The SCC’s decision in Ledcor Construction Ltd. v Northbridge Indemnity Insurance Co., 2016 SCC 37 [Ledcor] addressed these concerns directly, establishing the first definite exception to the Court’s holding in Sattva that contractual interpretation is subject to a deferential standard of review absent an extricable question of law. Writing for an 8-1 majority of the SCC, Wagner J. (as he then was) held that: (1) where an appeal involves the interpretation of a standard form contract; (2) the interpretation of that contract is of precedential value; and (3) there is no meaningful factual matrix that is specific to the parties to aid in the interpretive process, the interpretation should be characterized as a question of law, subject to review on a correctness standard (Ledcor, para 24). These are occasionally referred to as the “Ledcor factors” (see Bridging, para 14).
In the seven years following Ledcor, courts have continued to grapple with the problem of standard form contracts, now seeking to clarify the scope of the exception Wagner J. provided. There remains ambiguity regarding the relationship between the Ledcor factors, including as to whether they present a conjunctive test. In Ledcor, Wagner J. focused on the notion that an interpretation of a standard form contract will tend to have precedential value because the contract lacks a unique factual matrix. If a standard form contract is in widespread use and the specific parties to the dispute have not engaged in any meaningful negotiations to alter its terms, it follows that the interpretation a court reaches will inform how that contract is interpreted for others who are party to a substantially identical contract (Ledcor, paras 38-39). Nonetheless, this does not clarify whether precedential value must be present, nor to what degree, in order for the exception to apply.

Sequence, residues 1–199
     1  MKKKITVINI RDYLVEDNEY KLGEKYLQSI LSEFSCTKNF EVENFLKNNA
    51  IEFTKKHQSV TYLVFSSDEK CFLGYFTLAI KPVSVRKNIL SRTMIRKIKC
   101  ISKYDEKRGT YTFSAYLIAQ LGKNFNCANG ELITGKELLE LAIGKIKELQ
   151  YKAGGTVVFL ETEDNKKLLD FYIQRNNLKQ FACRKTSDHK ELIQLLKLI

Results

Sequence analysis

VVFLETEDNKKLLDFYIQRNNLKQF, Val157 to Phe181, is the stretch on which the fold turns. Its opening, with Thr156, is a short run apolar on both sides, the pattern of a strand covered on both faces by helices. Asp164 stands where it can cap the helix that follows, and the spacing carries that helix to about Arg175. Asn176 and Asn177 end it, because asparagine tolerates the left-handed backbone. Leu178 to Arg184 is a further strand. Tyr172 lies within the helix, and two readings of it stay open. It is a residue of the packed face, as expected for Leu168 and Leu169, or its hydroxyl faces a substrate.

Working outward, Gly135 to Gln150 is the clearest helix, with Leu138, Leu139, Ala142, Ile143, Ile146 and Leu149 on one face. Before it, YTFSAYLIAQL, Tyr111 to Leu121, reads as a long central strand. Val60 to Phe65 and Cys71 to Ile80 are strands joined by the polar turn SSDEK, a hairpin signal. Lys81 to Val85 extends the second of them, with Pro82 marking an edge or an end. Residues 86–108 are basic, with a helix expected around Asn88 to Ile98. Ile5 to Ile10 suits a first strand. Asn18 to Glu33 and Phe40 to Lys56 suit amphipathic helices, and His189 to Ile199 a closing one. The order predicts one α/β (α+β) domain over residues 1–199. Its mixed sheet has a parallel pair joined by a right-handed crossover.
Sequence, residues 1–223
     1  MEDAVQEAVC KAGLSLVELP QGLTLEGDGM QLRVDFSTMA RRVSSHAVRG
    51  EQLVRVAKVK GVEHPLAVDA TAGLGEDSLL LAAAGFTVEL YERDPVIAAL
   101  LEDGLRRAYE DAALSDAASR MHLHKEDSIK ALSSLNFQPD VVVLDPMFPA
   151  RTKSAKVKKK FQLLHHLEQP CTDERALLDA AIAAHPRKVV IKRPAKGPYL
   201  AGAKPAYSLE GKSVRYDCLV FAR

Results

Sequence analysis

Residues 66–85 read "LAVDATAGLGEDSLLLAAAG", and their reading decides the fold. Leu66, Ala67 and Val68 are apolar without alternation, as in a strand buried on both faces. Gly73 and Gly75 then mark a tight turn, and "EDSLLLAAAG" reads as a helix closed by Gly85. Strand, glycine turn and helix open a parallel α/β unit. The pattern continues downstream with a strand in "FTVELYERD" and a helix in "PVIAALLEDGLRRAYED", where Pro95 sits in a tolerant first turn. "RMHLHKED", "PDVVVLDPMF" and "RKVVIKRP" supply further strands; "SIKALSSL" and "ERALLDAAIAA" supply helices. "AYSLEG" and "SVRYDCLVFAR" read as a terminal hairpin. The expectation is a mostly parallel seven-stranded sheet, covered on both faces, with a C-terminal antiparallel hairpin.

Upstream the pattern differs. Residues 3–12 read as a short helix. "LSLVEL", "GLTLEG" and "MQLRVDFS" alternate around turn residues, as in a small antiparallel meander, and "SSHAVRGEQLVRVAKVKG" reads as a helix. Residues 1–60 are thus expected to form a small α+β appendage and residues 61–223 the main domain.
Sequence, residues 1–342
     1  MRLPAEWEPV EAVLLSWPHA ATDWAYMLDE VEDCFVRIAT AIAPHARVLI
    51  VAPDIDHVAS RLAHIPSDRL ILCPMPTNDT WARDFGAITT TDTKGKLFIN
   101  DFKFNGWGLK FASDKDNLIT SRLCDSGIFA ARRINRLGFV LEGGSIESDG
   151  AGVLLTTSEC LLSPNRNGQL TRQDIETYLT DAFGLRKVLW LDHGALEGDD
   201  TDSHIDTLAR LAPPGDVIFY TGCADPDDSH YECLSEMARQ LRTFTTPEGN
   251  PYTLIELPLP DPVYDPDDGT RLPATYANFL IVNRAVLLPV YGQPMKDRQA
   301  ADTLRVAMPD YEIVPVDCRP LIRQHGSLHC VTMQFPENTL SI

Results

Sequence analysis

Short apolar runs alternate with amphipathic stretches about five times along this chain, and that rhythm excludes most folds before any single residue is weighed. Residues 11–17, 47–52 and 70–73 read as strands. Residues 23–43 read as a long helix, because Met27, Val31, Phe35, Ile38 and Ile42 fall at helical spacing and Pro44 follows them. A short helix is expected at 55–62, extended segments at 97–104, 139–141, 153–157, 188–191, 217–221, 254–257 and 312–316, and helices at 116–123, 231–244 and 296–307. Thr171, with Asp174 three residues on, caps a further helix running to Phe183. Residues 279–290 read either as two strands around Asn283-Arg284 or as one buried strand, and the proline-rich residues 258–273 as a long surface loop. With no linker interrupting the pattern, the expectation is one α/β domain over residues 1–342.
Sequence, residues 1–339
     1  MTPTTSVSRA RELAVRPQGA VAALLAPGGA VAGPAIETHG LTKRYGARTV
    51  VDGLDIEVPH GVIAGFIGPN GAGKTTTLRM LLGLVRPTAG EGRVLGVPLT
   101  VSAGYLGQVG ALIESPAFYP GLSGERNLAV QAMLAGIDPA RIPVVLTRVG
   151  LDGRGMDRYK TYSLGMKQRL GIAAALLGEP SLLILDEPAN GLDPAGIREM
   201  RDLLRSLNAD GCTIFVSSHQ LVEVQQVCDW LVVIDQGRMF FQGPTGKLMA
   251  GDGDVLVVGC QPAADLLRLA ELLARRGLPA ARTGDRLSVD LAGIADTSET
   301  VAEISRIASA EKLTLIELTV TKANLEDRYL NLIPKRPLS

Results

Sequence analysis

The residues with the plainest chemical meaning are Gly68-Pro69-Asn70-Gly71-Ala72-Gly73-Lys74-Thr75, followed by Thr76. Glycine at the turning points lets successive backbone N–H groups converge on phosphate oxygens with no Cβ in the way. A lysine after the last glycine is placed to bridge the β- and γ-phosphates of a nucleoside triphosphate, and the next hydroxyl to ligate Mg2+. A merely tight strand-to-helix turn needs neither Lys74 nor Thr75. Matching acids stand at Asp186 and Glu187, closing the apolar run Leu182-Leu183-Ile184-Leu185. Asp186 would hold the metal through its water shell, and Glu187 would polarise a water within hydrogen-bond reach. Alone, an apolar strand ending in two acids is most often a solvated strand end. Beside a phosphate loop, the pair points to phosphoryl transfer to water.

This question has remained in the background at the SCC and beyond. In Matthews v Ocean Nutrition Canada Ltd., 2020 SCC 26 [Ocean Nutrition] Kasirer J. expressly declined to rule on whether a specific clause contained in a standard form employment contract entered into by a “limited number of executives” at a single company had sufficient precedential value to apply the Ledcor exception (Ocean Nutrition, paras 61-62). In Jakab v Clean Harbors Canada, Inc., 2023 ONCA 377 [Jakab], Paciocco J.A. noted in obiter that “[t]he question of whether standard form contracts of adhesion used exclusively within a single organization have a sufficient precedential value to attract correctness review has yet to be settled” (Jakab, para 10). The suggestion emerging from these cases is that precedential value, independent of its relationship to the other Ledcor factors, must be present to some extent before a court can apply a correctness standard of review.